The site today reflects the acme of the 11th and 12th century. The stylistic analysis of architecture and decoration places Daphni around 1080. The donor is unknown but the monumentality and elaborateness of the buildings points towards Constantinople, namely a high official or even the Emperor. Daphni has been connected
to Basil II, Slayer of the Bulgars (976-1025), who admired Athens and visited the town in 1018 after his vistory against the Bulgarians. Nonetheless, Daphni is actually later, i.e. contemporary with Basil’s successors.
Regardless of the identity of the donor, the monastery is part of a general building frenzy in Athens between the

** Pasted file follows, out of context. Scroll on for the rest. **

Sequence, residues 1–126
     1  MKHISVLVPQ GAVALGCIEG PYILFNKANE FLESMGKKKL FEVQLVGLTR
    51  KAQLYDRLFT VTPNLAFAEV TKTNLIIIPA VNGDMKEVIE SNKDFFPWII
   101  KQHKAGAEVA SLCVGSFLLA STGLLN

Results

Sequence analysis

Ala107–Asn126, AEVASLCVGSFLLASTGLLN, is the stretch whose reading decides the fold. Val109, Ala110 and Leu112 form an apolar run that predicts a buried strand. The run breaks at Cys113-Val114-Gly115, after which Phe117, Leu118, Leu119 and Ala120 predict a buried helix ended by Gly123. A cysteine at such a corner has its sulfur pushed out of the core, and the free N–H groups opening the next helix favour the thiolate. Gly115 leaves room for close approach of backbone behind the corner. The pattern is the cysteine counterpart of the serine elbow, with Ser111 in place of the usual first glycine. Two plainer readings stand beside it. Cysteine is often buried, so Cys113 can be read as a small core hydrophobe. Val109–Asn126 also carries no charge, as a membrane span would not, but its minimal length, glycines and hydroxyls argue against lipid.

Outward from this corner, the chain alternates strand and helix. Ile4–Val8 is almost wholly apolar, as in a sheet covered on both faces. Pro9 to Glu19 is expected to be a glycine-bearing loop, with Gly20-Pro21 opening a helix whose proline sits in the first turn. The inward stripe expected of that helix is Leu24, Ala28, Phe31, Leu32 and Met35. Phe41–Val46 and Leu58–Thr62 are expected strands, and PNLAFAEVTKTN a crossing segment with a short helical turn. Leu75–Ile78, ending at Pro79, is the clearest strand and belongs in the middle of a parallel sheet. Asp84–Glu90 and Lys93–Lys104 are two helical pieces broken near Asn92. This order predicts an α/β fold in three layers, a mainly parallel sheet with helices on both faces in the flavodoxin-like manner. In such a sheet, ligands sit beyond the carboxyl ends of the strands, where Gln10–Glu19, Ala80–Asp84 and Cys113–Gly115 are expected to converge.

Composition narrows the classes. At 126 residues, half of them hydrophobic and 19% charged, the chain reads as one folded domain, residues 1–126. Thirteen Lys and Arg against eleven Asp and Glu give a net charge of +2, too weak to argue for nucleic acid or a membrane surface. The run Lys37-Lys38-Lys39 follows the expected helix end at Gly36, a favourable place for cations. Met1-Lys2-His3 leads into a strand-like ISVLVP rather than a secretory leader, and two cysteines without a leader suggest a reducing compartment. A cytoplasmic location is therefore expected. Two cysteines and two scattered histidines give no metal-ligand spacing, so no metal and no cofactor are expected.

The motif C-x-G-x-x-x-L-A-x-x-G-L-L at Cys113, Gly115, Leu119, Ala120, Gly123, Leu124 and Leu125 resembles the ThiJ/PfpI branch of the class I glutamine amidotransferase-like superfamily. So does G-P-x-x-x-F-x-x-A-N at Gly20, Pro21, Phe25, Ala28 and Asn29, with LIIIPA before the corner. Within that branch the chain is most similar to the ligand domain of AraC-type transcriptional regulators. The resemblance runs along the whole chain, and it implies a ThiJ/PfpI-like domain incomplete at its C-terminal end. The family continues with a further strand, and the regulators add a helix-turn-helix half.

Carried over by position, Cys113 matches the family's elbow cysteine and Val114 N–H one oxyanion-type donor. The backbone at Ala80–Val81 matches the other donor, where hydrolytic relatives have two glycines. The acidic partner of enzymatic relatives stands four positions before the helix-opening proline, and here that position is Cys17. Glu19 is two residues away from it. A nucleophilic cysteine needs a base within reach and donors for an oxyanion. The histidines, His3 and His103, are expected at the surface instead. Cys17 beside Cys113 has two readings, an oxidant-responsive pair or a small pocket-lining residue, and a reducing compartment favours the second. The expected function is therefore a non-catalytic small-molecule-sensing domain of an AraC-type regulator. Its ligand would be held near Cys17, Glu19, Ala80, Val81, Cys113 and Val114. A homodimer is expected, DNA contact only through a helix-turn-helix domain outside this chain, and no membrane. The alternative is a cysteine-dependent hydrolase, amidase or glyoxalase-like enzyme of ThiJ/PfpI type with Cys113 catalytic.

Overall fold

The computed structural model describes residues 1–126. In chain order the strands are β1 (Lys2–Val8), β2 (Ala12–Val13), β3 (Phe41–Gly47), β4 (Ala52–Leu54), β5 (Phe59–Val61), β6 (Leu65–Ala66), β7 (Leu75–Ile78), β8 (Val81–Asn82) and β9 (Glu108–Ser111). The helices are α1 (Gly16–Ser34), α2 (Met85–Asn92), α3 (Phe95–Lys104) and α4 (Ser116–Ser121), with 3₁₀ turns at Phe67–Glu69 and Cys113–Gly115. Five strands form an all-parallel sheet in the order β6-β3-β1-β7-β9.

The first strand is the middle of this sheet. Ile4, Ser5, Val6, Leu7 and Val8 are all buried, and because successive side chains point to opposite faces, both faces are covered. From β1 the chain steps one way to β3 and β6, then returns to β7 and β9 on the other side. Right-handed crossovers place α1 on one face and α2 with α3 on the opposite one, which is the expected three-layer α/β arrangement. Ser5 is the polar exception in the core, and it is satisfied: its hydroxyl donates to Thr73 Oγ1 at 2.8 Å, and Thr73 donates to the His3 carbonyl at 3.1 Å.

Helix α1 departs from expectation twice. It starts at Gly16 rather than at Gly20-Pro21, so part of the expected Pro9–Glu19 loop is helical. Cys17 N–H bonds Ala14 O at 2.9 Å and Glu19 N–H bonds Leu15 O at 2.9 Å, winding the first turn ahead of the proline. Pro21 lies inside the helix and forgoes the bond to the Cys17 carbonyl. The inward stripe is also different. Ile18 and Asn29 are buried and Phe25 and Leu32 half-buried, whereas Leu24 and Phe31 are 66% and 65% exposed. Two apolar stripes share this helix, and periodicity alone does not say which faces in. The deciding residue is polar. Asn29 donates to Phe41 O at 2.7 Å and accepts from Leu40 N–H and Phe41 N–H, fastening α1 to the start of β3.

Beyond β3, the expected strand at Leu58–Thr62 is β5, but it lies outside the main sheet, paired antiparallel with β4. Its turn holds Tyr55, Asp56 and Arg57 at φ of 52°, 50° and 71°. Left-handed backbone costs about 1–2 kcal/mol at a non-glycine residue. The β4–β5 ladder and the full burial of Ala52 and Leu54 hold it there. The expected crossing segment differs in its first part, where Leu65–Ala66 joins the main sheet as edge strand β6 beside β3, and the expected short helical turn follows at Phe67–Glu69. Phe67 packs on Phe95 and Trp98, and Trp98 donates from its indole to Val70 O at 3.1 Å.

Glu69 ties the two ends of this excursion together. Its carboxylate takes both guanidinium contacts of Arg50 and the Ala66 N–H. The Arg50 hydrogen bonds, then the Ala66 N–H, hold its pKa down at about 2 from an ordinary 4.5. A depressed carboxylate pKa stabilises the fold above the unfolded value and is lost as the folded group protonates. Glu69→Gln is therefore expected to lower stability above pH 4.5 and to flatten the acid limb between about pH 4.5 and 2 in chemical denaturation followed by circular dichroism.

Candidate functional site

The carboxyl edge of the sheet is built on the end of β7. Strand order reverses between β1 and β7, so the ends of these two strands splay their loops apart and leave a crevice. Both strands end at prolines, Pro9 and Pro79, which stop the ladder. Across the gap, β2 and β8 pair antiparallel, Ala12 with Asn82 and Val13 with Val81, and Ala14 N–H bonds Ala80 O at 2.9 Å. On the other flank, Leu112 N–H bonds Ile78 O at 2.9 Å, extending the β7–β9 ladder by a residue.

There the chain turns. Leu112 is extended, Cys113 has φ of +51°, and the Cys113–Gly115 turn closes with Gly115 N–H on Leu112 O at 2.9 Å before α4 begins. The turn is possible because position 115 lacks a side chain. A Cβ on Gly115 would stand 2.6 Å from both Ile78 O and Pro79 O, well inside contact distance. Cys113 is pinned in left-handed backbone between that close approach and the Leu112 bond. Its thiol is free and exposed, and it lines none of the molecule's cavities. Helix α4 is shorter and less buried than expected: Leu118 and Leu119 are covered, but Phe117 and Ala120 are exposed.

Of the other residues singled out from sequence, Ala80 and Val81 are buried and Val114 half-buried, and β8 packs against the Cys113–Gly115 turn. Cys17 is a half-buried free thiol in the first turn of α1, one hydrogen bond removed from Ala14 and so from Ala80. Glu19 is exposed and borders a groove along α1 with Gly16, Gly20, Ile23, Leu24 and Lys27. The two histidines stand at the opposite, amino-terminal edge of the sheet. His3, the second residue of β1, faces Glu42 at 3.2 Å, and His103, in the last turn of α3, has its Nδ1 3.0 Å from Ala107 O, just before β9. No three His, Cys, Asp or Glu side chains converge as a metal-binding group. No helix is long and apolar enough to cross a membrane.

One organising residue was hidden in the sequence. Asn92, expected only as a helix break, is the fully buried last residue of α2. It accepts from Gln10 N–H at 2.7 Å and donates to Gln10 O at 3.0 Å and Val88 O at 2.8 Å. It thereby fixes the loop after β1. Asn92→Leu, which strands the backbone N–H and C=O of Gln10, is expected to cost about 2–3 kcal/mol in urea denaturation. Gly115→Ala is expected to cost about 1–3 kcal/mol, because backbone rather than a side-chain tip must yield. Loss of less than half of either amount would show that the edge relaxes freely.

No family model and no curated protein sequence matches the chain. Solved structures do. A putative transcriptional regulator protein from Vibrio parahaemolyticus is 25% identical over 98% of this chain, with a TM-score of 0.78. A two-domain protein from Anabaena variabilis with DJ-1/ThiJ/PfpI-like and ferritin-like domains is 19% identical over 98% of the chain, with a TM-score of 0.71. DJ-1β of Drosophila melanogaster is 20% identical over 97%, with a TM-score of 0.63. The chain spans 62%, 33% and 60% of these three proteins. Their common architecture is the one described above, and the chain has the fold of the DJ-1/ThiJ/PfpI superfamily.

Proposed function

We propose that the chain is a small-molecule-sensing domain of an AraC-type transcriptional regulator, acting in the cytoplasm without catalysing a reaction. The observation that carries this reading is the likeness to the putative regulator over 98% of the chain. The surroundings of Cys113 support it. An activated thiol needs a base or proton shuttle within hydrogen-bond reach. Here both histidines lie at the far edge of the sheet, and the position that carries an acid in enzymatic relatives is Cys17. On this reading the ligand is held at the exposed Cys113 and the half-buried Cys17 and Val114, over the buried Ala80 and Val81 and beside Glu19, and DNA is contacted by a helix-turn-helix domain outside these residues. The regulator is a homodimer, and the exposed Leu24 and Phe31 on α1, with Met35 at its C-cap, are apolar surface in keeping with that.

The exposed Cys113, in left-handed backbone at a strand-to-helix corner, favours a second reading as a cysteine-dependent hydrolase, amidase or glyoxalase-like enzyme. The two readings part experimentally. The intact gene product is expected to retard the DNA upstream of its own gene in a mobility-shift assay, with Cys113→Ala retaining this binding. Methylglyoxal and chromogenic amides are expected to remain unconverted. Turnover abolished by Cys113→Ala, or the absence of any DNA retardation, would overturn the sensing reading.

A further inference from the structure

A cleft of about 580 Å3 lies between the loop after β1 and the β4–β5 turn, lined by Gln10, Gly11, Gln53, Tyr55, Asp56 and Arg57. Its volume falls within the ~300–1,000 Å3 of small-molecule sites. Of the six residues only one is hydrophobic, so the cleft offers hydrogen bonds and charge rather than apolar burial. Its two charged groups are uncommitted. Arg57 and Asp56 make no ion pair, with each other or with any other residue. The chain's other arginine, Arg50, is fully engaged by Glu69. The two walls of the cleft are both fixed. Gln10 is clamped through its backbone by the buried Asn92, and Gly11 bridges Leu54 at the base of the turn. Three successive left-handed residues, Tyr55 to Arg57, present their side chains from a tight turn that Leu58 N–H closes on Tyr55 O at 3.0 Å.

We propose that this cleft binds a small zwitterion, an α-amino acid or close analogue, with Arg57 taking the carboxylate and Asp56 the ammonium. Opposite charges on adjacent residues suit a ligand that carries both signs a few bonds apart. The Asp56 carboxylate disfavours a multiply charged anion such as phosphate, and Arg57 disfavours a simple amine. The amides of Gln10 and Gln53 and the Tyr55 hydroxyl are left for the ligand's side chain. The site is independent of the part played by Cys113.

10th and 12th century, resulting in about forty functioning churches in the town. Daphni, which is described in
detail below, featured a strong wall, an impressive catholicon of a composite octagonal type with high quality mosaics, cells and auxilliary buildings, e.g. refectory and cooking areas, baths, library etc, catering for the needs of the monks.